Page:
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Making that concept a reality has been more complex. Precision medicine is, after all, an entirely new approach to clinical medicine that leverages the power of big data and genomics to transform healthcare.
UCLA’s goals for precision medicine go into the realm of precision health, which encompasses prevention in addition to the diagnosis and treatment of disease.
Precision health will allow scientists and researchers from across virtually all medical disciplines to:
In short, precision health will drive, and define, the future of medicine.
Because building an Institute for Precision Health is essential to this endeavor, that’s what David Geffen School of Medicine at UCLA has done. Daniel Geschwind, MD, PhD, Senior Associate Dean and Associate Vice Chancellor for Precision Medicine leads the Institute for Precision Health.
Geschwind says the "kick-off" project, called “the UCLA AtLAs California Health Initiative,” relies on creation of a community health repository, or biobank. Biobanking refers to the systematic collection and storage of a large number of blood, saliva or tissue "biospecimens" from patients as a resource for later clinical research. Biobanked samples provide a repository of DNA, proteins or mRNAs useful to answer diagnostic or treatment questions well before those questions are even posed, and as such are a cornerstone of research into individualized care.
For the AtLAs community biobank, UCLA will start "modestly" by collecting close to 150,000 blood samples from a representative cross section of UCLA patients, from a variety of clinical laboratories at UCLA over a three-year period. Doing so presents immense organizational challenges, such as recruiting patients, collecting samples, and first and foremost, obtaining informed consent from patients. "Having this resource would allow us to perform whole-genome analysis on patients and connect this to their electronic health record," Geschwind says. If all goes well after three years, the goals ramp up considerably: "Over the long run, and as costs of genetic analyses go down, we would expand this initiative to our entire healthcare system, which consists of close to 5 million patients."
See our most frequently asked questions about the universal consent process and project.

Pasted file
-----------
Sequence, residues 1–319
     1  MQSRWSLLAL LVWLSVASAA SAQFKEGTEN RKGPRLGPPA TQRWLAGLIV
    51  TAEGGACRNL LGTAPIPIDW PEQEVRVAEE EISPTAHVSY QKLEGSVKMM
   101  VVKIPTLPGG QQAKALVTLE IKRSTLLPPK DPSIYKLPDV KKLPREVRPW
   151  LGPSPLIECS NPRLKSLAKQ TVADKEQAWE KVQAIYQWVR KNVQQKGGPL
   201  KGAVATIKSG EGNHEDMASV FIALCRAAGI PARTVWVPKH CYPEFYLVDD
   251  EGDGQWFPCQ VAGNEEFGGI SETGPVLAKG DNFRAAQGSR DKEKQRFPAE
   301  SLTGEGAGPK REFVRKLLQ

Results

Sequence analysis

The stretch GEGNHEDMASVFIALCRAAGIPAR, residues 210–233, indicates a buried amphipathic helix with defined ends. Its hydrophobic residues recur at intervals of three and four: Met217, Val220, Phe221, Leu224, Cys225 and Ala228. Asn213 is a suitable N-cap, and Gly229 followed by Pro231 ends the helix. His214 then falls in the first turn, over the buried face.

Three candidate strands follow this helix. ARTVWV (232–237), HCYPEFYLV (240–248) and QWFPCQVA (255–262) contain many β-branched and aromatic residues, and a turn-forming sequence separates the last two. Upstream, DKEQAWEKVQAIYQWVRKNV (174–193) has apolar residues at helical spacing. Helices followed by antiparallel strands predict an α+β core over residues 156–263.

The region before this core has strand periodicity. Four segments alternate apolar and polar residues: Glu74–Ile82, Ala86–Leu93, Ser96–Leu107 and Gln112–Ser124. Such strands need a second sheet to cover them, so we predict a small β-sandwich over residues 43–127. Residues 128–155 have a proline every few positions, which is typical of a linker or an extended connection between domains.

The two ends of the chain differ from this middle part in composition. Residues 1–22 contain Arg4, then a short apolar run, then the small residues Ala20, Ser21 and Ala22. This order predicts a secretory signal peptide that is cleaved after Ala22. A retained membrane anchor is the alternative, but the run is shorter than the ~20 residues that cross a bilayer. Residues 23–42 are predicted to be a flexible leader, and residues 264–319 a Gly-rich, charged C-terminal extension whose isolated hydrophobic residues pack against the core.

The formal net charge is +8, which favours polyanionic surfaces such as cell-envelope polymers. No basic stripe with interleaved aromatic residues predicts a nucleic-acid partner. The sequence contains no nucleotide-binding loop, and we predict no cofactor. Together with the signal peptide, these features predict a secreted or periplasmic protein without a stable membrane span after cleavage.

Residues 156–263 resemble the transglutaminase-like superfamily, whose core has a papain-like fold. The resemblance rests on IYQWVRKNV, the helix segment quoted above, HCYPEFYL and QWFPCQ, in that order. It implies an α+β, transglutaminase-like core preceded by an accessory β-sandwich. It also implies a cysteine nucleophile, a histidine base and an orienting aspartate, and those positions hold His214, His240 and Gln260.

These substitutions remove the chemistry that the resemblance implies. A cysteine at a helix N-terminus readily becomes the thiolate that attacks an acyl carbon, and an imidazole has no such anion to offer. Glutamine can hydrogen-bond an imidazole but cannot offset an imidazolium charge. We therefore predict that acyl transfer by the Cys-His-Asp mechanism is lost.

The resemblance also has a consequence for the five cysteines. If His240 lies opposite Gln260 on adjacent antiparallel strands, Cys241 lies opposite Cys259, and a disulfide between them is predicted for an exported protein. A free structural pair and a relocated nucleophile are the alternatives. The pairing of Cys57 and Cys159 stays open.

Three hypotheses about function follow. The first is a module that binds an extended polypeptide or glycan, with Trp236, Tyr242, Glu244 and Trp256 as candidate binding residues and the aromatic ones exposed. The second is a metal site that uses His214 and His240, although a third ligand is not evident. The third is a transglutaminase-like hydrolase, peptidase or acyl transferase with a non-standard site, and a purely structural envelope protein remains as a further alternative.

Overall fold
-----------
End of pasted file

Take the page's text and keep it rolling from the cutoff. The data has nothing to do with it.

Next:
The UCLA BioBank collects biological samples from as many people as possible. It then codes the samples and removes personally identifiable information. The BioBank then sends the samples, along with previously obtained medical records, to qualified researchers who will use the information to find new ways to prevent, detect, and treat health problems.
No. Your decision will have no impact on your clinical care. If you say YES to the additional blood tube, the clinical staff will need to know in order to collect the tube. No matter what your decision is, it will not affect your relationship with UCLA Health or the services you are receiving.
During surgery or clinic visits, biological samples such as blood, urine, skin or other tissues may be collected to help diagnose or monitor your health condition. After being used for your care, leftover materials from the samples are normally discarded or destroyed. Sometimes samples are collected just for research. With your permission, these remaining materials will be sent to the BioBank for research instead of being discarded.
Having an extra tube of blood (up to 2 teaspoons) provides us with enough volume for multiple research purposes and permits certain research not possible on leftover samples.
We will collect any biological samples from future routine clinical lab work done at any UCLA Health System lab. If you give permission, we might:
*You will not need any extra needle sticks, tests or procedures.
There are no physical risks. There is a small chance that someone could obtain information connecting the sample to you. Since only you have your unique genetic makeup, information on your ancestry, ethnic group or other people with your disease might be identified and connected with your sample.
There is also a small chance of accidental release of information form your health records. Currently, only large state and federal agencies have the ability to identify individuals just based on a complete DNA profile. We can’t predict how future technology might affect confidentiality.
GINA + California state law prohibit discrimination against you based on genetic information by health, life, and disability insurance companies. Some people may have moral, religious, or cultural concerns about some kinds of research.